The old rules of building a small business no longer apply
In the late 70’s my father migrated to the US looking for his piece of the American Dream. He came over with a few hundred dollars in his pocket and an address of a friend from his village that made the move a few months prior. After working a few odd jobs he decided build his own construction business.
For 30+ years he built his business based on referrals and closed deals with a handshake. Outside of the signs affixed to his trucks, he had absolutely no advertising. As a youngster I would tag along with him to the job site and help where I could; bringing in tools, material and cleaning up after the job was done.
It never failed as my father would be two stories up on a ladder a neighbor would come by and ask him to come look at his place. My father would go over with a pencil and a scratch pad jot some numbers down, shake hands and walk away with his next job.
For over thirty years he built his business on two basic principles:
- Complete every job as if it were your own house
- Always provide fair prices (I remember when someone would try and negotiate the price down, he would always say “a hundred dollars up or down won’t make or break either of us” and proceed to knock down the price slightly.
He was not considered a wealthy man when he retired a few years ago, but he was successful in his own right. He had a few properties to his name and enough money saved up to retire comfortably.
A few months ago when we were talking about life he opened up to me about his business. “I wasn’t ready to retire” he told me however business just wasn’t coming in as it used to, and a handshake didn’t go as far anymore either.
In his last couple years of operation he would still get a few referrals a week and his repeated customers were very loyal, but when going out to price a job he would be asked about an online portfolio where prospective customers could see some of his previous work, they would show him online quotes they received from unknown competitors. Word of mouth just didn’t hold as much weight in a world where an online presence built trust. He didn’t have a website, he didn’t have any social media accounts, and he didn’t have an online portfolio. He barely had an online presence at all. A quick Google search of his company would yield a few very positive reviews on home improvement rating sites and several hits from local business databases.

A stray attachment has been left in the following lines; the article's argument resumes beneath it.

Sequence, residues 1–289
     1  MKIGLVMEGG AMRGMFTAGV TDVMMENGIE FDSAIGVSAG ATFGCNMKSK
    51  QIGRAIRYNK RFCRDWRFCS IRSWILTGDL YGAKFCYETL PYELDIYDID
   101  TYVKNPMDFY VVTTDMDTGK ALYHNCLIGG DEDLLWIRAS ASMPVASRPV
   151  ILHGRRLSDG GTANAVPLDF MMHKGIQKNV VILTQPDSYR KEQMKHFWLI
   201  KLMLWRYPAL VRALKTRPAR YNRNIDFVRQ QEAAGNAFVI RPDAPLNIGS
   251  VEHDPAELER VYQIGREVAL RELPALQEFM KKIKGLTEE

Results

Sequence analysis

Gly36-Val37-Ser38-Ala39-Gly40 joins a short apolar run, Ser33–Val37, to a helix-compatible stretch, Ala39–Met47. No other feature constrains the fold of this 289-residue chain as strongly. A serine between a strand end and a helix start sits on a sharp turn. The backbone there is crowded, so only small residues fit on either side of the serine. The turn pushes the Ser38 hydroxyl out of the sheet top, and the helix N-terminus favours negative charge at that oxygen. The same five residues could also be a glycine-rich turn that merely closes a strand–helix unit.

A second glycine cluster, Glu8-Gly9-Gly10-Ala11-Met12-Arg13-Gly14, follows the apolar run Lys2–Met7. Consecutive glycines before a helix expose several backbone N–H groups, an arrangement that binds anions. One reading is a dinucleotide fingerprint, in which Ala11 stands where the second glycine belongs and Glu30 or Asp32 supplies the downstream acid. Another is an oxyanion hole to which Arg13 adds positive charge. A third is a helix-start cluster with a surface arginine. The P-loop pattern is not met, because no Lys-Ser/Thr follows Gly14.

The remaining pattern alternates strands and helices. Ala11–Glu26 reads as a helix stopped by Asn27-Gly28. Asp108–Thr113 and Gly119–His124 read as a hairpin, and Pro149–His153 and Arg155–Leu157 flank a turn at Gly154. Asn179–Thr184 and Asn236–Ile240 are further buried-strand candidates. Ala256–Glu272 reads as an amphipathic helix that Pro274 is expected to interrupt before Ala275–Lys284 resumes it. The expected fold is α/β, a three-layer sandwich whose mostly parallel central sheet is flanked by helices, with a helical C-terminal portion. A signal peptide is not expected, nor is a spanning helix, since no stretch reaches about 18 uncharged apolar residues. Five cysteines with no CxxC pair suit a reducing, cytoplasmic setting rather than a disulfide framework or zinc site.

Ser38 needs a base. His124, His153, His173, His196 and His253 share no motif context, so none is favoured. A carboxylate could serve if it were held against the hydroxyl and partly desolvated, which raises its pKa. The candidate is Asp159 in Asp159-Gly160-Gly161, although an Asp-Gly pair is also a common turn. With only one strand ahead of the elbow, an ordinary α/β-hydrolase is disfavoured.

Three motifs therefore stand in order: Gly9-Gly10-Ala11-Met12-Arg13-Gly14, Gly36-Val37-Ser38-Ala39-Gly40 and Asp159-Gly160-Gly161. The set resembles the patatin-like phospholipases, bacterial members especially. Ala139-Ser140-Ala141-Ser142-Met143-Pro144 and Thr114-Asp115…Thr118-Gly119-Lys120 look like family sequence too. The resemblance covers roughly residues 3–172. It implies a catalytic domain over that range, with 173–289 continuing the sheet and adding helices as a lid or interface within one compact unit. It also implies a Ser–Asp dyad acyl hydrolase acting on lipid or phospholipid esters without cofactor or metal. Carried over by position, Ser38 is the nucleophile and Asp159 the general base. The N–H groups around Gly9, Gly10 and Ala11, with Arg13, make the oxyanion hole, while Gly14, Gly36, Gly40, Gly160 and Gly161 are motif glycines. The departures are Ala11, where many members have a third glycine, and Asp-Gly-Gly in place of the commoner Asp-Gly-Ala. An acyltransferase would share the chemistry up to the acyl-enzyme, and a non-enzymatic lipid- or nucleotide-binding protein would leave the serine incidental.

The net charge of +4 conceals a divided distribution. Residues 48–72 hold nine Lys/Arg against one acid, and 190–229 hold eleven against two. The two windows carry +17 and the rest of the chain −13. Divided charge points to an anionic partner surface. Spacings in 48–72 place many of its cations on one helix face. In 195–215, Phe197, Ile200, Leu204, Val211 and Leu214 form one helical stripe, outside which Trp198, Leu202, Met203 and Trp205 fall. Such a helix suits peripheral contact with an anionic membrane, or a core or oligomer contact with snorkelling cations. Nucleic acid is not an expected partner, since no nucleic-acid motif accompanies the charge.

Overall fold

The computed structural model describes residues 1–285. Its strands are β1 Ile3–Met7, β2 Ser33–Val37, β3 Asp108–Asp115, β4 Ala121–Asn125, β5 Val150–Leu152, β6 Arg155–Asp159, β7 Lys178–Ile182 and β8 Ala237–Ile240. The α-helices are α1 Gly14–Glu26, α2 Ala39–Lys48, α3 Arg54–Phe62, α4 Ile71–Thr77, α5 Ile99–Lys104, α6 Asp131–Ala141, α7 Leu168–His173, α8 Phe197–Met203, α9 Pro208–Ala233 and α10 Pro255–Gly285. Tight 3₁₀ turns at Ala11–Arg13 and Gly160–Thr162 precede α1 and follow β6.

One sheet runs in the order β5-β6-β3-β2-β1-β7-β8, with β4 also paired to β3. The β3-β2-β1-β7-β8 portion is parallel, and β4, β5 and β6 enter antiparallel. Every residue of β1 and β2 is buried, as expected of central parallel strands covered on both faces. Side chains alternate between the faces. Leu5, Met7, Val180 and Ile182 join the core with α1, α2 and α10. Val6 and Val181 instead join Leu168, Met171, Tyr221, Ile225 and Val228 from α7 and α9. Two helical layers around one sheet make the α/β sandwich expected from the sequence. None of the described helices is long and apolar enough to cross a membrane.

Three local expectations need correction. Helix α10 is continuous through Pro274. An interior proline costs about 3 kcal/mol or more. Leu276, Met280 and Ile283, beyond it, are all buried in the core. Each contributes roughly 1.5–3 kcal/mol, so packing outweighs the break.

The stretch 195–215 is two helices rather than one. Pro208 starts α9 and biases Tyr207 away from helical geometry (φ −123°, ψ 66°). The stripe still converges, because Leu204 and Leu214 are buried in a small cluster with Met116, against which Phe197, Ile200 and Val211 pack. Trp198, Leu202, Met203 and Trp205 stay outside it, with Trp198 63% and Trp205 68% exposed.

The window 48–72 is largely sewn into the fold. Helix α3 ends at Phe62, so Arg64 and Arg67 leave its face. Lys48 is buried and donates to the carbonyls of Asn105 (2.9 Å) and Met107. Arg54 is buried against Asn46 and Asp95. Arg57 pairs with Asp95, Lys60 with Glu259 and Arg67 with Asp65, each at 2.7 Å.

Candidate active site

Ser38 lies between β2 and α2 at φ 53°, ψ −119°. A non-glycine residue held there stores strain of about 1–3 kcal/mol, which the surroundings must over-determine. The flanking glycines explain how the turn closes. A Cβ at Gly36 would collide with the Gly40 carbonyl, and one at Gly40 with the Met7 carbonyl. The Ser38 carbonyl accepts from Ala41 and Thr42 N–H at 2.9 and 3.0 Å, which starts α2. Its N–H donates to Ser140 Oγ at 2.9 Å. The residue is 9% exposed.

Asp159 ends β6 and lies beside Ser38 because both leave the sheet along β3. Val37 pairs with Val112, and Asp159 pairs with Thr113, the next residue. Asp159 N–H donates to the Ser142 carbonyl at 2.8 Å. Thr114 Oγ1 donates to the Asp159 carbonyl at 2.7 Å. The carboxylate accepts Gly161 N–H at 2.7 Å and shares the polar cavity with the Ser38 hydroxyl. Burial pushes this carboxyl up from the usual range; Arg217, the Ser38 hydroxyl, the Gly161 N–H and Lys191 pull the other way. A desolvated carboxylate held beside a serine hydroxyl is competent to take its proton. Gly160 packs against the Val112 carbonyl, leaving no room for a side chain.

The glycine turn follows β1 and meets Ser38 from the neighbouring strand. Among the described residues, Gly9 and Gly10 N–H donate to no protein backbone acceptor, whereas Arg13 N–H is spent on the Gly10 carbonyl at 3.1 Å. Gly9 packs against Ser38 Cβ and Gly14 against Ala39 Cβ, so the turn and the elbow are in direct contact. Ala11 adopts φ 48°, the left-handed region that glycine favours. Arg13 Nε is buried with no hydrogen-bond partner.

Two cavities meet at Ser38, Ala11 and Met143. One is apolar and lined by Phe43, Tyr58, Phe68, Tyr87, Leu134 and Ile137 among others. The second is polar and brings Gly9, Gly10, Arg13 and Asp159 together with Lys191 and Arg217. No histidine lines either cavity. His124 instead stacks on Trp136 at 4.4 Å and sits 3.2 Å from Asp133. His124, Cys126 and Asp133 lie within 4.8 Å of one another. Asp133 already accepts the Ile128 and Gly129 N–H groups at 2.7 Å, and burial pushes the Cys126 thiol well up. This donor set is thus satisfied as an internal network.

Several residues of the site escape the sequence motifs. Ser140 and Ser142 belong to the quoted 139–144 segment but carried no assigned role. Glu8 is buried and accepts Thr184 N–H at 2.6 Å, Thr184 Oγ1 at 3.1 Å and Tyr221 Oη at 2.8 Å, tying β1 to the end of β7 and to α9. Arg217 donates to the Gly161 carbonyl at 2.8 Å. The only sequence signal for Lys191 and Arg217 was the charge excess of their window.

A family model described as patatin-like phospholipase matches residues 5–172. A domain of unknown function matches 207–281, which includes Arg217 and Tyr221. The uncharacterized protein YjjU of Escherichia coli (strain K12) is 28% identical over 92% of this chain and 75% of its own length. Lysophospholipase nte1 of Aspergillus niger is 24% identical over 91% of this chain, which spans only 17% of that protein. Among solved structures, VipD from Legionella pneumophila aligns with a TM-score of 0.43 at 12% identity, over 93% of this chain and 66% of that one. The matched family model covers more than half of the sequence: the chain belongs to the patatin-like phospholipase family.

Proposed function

Ultimately his lack of online marketing led to his decision to retire several years earlier than he originally intended, and he really didn’t understand how.
Amazon cutting prices at Whole Foods as early as Monday
Time to introduce Jack. Several years ago my father helped his friend Jack start his own company in the same industry. That’s just the kind of guy my father is. If a friend needed help he was the first to lend a hand, even if it meant there was another competitor in an already saturated industry.
I remember my father telling me Jack was going to have a hard time carving out a market as Jack’s work was of lesser quality than his and his pricing wasn’t always as fair. However Jack always seemed to be busier than my father, even with less experience and a lower quality of work. If Jack landed a high profile job he would sub the job out to my father to complete as he knew he wouldn’t be able to complete it at the same level.
When Jack was first beginning to build his business he recognised the importance of a strong online marketing plan. His website was well built and easy to navigate. There was walkthroughs of previous jobs (many of which my father completed for him), there was a top idea section for people to get their creative juices flowing, there was a section for individuals to book in person consultations, as well as testimonials and links to his social media sites. He focused on search engine optimization and Google advertising to target potential clients in his local area. His on-line presence was strong and the business was easy to find on social media and search engines.
In the end Jack’s advantage was his ability to get his company recognized and uncover new business.
Even though my father says he is retired, he still picks up the odd job here and there from old customers and friends including whenever Jack calls for him to complete a high profile job.
To learn more about how a strong online plan can help your business grow, visit www.retailorsgroup.com, or reach them by email: email@example.com